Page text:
Author Topic: Fear, Loathing, and Horror.  (Read 7194 times)

Elder Iptuous

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Re: Fear, Loathing, and Horror.
« Reply #15 on: August 13, 2010, 07:27:05 pm »
Nice!  looking forward to your studies, Dok!

When you said 'horror doesn't have to be a bad thing', is it still understood that there is inherent discomfort in it?  e.g. the singing roses.... they certainly aren't dangerous (until they find out that you're a common mobile vulgaris) but it does mean a turbulent rearrangement of your view on things is in order...

Although i enjoyed HPL, i always was amused by his descriptions starting out with the words 'utterly indescribable in human language' and then proceeding to use about 3/4 of said language to nail the subject down to a T.

(also I'll do my damnedest to give someone else a shot at saying the wrong thing, this time.  :wink:)

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Re: Fear, Loathing, and Horror.
« Reply #16 on: August 13, 2010, 07:32:08 pm »
When you said 'horror doesn't have to be a bad thing', is it still understood that there is inherent discomfort in it?  e.g. the singing roses.... they certainly aren't dangerous (until they find out that you're a common mobile vulgaris) but it does mean a turbulent rearrangement of your view on things is in order...

Absolutely.  And that's where the emotion "horror" comes in.  It's the feeling of having your worldview broken, for good or for ill.  Mostly for ill.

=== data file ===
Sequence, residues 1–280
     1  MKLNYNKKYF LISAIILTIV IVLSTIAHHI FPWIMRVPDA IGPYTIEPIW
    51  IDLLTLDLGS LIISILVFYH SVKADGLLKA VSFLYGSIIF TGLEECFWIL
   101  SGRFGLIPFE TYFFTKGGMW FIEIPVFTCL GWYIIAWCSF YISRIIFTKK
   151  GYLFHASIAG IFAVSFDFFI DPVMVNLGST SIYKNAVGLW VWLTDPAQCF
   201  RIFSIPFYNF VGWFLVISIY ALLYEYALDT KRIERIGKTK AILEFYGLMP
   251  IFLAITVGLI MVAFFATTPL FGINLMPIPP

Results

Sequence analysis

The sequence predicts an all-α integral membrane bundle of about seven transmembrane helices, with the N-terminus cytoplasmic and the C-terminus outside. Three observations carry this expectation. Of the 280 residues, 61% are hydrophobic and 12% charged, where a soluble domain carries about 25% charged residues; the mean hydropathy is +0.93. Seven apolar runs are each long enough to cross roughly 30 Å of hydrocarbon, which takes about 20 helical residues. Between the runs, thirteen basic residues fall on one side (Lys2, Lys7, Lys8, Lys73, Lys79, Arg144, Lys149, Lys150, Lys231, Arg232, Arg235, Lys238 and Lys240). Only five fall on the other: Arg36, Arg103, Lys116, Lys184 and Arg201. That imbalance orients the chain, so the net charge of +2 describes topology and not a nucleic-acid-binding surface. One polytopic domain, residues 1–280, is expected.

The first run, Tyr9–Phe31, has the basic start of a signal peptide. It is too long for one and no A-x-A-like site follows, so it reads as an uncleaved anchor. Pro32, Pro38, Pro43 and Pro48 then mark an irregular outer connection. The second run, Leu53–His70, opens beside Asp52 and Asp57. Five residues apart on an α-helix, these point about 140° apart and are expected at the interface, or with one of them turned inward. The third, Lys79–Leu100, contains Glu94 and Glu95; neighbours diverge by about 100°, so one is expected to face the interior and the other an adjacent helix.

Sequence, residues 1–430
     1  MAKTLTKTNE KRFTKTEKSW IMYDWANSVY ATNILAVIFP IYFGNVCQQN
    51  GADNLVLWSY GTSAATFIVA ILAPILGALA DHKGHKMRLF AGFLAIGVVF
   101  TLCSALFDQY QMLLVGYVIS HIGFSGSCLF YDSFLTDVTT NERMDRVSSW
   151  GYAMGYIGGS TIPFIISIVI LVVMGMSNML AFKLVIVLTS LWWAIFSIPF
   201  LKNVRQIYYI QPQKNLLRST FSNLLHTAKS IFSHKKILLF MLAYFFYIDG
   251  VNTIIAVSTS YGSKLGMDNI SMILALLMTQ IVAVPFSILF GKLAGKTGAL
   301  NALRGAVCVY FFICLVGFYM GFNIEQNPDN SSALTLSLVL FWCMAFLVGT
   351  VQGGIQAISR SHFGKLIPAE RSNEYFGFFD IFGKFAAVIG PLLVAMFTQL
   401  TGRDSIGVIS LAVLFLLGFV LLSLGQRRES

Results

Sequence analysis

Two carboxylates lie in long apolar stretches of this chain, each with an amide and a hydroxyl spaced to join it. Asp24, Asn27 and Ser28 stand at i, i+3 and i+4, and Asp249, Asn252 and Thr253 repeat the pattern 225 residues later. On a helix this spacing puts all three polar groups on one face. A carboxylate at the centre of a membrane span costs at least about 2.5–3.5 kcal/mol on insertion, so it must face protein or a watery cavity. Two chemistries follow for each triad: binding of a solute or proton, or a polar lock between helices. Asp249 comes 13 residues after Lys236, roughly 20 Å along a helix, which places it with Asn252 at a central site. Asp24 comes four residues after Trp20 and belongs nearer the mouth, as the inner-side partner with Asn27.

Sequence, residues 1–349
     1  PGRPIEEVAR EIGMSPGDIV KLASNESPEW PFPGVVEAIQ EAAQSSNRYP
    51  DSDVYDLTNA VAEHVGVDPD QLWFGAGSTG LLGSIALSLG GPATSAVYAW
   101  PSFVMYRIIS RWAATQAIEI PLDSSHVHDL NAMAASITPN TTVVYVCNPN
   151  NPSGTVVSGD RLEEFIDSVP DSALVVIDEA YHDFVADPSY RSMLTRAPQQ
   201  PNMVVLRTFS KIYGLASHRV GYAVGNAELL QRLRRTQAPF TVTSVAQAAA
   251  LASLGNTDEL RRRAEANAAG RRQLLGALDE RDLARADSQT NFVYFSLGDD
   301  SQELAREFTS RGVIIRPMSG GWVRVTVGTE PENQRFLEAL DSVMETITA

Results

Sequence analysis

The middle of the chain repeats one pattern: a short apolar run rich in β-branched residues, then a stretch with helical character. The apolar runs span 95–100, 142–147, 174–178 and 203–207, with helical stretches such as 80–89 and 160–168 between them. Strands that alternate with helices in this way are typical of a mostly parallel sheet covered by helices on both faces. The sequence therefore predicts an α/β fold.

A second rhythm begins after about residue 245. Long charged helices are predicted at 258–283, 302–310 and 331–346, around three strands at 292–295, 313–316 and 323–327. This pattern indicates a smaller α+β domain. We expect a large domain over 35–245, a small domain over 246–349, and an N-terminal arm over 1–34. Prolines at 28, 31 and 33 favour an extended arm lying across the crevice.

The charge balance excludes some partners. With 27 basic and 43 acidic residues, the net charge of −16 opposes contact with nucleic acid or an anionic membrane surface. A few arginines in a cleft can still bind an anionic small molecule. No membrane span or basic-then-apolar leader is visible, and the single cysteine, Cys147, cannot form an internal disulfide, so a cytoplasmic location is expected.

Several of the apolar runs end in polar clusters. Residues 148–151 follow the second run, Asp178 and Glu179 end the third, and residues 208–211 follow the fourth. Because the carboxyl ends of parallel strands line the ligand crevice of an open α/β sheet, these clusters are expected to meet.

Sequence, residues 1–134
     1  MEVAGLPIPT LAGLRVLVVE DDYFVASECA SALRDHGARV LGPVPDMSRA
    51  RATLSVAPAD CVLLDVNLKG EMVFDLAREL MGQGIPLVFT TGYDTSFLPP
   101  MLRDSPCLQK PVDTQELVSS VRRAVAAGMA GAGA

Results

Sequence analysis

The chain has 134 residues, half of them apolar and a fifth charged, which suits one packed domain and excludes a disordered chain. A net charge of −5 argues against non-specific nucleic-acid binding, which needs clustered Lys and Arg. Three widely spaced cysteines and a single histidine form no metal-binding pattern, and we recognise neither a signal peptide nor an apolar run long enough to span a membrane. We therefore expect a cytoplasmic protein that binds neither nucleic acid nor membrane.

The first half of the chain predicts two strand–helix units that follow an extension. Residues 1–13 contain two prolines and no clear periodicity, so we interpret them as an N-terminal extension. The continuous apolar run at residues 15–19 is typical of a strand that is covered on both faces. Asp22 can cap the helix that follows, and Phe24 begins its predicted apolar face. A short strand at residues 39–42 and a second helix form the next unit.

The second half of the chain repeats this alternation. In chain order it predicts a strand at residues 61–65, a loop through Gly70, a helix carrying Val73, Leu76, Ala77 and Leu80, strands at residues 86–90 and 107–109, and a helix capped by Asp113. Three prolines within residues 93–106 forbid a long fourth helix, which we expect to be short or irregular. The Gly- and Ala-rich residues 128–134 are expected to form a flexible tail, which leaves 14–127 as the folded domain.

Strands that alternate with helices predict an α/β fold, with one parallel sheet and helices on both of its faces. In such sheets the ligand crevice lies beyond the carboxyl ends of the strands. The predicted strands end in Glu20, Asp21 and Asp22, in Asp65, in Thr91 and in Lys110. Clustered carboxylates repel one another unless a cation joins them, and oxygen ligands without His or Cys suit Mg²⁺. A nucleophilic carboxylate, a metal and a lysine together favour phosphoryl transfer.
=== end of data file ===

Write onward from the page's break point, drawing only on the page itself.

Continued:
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Re: Fear, Loathing, and Horror.
« Reply #17 on: August 13, 2010, 08:23:49 pm »
When you said 'horror doesn't have to be a bad thing', is it still understood that there is inherent discomfort in it?  e.g. the singing roses.... they certainly aren't dangerous (until they find out that you're a common mobile vulgaris) but it does mean a turbulent rearrangement of your view on things is in order...

Absolutely.  And that's where the emotion "horror" comes in.  It's the feeling of having your worldview broken, for good or for ill.  Mostly for ill.


Horror: the feeling of having your worldview broken, usually for ill.
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Re: Fear, Loathing, and Horror.
« Reply #18 on: August 14, 2010, 02:06:06 am »
What I like about these terms is that they match up to my own experiences so cleanly.  I can easily recall moments of horror and fear and loathing as distinct emotional states that are rarely ambiguous.

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Re: Fear, Loathing, and Horror.
« Reply #19 on: August 14, 2010, 03:53:49 am »
Introduce us to hell, Dok. I am ready for it.

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Re: Fear, Loathing, and Horror.
« Reply #20 on: August 14, 2010, 08:37:50 pm »
What I like about these terms is that they match up to my own experiences so cleanly.  I can easily recall moments of horror and fear and loathing as distinct emotional states that are rarely ambiguous.

^This right here^

Great idea, Dok.

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Re: Fear, Loathing, and Horror.
« Reply #21 on: August 14, 2010, 08:57:07 pm »
:mittens: for the OP. These are really good definitions, IMO, and will probably influence the way I use these terms in the future.